Type A tax

Type A tax
: You think it’s easy being a Type A? Well, it’s not.

So this morning, I was driving my kid to school with a project too big for the bus (in their minds, kids have standards for carry-on baggage stricter than the airlines’) and I needed (well, “needed” is pushing it) to go to Starbucks to get my coffee and who-know-how-old scone.

My kids hate it when I go to Starbucks (and my wife eggs them on) and so it’s my fault when they’re slow.

I run in this morning with not a minute to spare and, damn, I see a slow guy on the register. The slow guys are all the same: They have the look of “retired” corporate vice-presidents. Post Peter Principle. These are guys who had secretaries to run their lives for years and now they can’t chew gum and run a register at the same time.

I’m crazed. And it doesn’t help that everybody in front of me is putting in orders harder to make than weapons of mass destruction. It also doesn’t help that they ran out of coffee. Hey, fools, it’s Starbucks! It’s your whole job: making coffee. How can you run out?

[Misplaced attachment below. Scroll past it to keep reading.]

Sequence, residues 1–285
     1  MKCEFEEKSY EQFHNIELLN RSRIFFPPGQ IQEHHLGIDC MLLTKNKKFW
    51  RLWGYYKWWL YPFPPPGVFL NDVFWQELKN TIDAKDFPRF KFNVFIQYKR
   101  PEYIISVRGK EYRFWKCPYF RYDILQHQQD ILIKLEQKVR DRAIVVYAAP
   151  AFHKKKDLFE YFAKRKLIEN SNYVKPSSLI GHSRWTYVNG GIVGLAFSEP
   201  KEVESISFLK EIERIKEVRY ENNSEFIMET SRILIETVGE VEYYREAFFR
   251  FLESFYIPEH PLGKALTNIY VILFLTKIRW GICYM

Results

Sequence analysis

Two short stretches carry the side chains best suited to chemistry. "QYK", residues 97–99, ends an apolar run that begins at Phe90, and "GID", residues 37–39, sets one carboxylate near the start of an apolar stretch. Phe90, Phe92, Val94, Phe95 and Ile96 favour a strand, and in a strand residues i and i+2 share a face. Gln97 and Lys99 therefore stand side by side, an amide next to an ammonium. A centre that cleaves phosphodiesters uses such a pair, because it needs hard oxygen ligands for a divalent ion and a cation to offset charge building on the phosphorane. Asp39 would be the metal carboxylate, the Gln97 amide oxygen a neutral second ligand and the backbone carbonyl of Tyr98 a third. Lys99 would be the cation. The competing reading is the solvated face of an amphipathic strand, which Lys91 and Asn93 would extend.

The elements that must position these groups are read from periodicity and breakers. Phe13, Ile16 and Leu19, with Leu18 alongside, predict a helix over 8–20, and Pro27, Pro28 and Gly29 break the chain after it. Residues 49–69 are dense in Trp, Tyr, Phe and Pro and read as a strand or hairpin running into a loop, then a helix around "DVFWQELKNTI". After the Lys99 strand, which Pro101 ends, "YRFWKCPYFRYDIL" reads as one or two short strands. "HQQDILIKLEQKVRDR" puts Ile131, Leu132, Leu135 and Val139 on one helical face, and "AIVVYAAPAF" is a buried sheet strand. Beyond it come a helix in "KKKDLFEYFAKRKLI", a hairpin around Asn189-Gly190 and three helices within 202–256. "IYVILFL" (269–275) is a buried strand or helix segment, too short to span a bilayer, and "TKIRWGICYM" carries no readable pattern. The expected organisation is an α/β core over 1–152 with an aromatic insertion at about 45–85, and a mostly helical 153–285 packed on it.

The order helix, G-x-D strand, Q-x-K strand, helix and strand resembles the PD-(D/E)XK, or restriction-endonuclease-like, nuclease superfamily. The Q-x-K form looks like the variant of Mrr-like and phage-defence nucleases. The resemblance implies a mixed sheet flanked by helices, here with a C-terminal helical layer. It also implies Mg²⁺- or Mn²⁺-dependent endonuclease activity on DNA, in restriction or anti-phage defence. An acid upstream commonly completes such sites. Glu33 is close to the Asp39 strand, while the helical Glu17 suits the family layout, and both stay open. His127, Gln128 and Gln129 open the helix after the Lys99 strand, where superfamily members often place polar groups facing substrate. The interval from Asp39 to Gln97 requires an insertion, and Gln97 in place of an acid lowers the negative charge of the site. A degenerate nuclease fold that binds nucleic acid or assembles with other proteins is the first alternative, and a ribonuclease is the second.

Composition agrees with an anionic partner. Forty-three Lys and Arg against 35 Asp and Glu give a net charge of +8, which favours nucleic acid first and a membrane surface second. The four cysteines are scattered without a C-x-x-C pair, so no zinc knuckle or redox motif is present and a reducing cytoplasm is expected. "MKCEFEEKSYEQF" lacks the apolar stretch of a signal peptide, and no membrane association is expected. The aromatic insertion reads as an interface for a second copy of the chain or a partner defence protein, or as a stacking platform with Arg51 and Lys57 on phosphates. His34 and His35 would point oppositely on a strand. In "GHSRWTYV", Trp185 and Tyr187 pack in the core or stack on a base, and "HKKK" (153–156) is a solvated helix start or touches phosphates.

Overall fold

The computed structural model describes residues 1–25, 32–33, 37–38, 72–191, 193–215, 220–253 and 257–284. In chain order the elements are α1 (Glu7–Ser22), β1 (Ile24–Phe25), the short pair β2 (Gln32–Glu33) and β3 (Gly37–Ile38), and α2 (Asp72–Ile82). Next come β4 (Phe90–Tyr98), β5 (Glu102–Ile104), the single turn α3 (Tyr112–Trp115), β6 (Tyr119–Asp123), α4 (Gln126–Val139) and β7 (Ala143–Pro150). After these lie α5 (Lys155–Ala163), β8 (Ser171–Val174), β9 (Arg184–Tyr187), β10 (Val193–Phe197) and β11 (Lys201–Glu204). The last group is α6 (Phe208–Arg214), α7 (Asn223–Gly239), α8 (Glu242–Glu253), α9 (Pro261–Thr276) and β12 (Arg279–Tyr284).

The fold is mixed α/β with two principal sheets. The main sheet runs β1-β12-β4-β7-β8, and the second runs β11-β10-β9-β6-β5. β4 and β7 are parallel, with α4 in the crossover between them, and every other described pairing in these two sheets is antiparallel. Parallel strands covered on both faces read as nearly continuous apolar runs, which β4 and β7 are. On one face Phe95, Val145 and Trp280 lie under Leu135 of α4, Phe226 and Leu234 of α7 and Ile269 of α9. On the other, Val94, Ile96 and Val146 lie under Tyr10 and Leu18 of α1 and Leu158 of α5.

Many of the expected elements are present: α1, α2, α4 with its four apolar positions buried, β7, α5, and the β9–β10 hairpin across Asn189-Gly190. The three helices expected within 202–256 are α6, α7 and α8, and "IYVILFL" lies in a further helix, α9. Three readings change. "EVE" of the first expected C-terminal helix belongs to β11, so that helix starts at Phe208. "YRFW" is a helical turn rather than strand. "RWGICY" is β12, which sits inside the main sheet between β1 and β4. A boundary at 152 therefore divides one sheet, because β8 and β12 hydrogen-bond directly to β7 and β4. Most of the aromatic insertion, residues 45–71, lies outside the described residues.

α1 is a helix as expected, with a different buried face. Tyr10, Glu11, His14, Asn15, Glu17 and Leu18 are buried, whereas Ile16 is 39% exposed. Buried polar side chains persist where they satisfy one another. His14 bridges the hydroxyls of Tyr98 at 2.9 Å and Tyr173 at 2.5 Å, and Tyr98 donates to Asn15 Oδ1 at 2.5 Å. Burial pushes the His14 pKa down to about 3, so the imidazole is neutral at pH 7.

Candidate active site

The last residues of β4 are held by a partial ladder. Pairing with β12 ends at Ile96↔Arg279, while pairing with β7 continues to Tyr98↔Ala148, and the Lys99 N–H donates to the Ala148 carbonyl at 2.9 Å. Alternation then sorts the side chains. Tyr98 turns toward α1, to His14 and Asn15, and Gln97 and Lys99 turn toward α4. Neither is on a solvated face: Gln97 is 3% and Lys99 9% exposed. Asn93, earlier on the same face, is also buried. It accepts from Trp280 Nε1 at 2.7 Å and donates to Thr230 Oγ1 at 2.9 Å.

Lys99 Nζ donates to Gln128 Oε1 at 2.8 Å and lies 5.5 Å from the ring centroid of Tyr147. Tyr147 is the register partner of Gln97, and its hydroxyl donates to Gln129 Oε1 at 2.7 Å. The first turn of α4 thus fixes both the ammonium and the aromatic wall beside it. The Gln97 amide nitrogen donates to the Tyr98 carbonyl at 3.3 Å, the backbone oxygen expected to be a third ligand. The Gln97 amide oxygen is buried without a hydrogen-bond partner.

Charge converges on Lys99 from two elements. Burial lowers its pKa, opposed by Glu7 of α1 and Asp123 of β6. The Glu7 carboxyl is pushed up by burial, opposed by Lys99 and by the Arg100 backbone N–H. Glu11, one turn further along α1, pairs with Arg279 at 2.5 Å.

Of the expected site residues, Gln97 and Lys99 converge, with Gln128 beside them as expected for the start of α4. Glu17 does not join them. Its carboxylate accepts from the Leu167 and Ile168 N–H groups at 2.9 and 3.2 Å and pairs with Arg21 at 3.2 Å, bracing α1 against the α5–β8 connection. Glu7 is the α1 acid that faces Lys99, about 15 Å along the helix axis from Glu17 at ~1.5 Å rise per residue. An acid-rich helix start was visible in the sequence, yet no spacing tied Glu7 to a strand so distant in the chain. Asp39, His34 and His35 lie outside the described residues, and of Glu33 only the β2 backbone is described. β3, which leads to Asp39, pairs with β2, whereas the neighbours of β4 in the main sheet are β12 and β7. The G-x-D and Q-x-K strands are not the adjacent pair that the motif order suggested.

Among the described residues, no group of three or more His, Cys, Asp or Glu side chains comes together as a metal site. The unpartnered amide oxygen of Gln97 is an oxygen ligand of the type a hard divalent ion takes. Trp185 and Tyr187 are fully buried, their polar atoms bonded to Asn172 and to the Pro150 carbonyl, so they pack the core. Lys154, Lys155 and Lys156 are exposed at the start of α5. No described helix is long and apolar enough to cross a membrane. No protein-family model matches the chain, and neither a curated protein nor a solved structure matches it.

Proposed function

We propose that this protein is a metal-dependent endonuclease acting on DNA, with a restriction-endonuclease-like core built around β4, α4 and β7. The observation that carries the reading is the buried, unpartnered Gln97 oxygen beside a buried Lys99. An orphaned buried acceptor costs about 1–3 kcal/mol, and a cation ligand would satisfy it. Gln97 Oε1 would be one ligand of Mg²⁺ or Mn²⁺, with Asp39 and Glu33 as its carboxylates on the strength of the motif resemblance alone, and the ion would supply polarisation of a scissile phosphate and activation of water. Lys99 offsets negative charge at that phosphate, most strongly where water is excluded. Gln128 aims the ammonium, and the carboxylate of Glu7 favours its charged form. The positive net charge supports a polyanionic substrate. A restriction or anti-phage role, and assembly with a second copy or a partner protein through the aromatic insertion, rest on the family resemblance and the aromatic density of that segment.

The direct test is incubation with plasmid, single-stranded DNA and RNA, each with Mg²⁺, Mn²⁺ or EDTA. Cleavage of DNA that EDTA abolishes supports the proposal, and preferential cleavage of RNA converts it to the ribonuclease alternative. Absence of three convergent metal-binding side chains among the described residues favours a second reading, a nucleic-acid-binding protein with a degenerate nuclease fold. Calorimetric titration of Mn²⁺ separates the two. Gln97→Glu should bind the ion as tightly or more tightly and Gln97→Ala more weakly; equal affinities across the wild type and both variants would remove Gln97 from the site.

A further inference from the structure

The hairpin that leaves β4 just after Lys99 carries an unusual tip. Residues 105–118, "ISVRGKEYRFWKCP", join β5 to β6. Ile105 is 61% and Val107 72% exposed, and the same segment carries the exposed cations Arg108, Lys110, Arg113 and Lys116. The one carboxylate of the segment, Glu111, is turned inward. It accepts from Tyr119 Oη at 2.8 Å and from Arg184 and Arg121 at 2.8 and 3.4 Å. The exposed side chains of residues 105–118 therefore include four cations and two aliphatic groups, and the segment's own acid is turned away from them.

Drip. Drip. Drip. Crazed. I’m crazed.

I have my money in my hands. I know how much the coffee and scone and Times costs: $4.66. I get my coffee in hand and shove the money at the VP of slow and dash out, figuring that I’d just tipped him 34 cents for slow service.

I get my kid to school on time. Life is fine.

And then, a mile later, in traffic — crazed again — I realize: I didn’t hand him $5. I handed him $10. I gave the Slowman a $5.34 tip for being slow.

Now I’m really crazed.

You’ll be glad to know that I drink decaf.